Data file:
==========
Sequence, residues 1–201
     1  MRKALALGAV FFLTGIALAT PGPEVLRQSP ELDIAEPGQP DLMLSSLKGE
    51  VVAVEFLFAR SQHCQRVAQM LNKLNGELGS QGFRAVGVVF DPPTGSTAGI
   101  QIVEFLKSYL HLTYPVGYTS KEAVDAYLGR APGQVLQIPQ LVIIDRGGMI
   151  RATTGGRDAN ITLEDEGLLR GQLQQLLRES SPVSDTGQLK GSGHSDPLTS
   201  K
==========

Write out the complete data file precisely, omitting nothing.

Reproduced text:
Sequence, residues 1–201
     1  MRKALALGAV FFLTGIALAT PGPEVLRQSP ELDIAEPGQP DLMLSSLKGE
    51  VVAVEFLFAR SQHCQRVAQM LNKLNGELGS QGFRAVGVVF DPPTGSTAGI
   101  QIVEFLKSYL HLTYPVGYTS KEAVDAYLGR APGQVLQIPQ LVIIDRGGMI
   151  RATTGGRDAN ITLEDEGLLR GQLQQLLRES SPVSDTGQLK GSGHSDPLTS
   201  K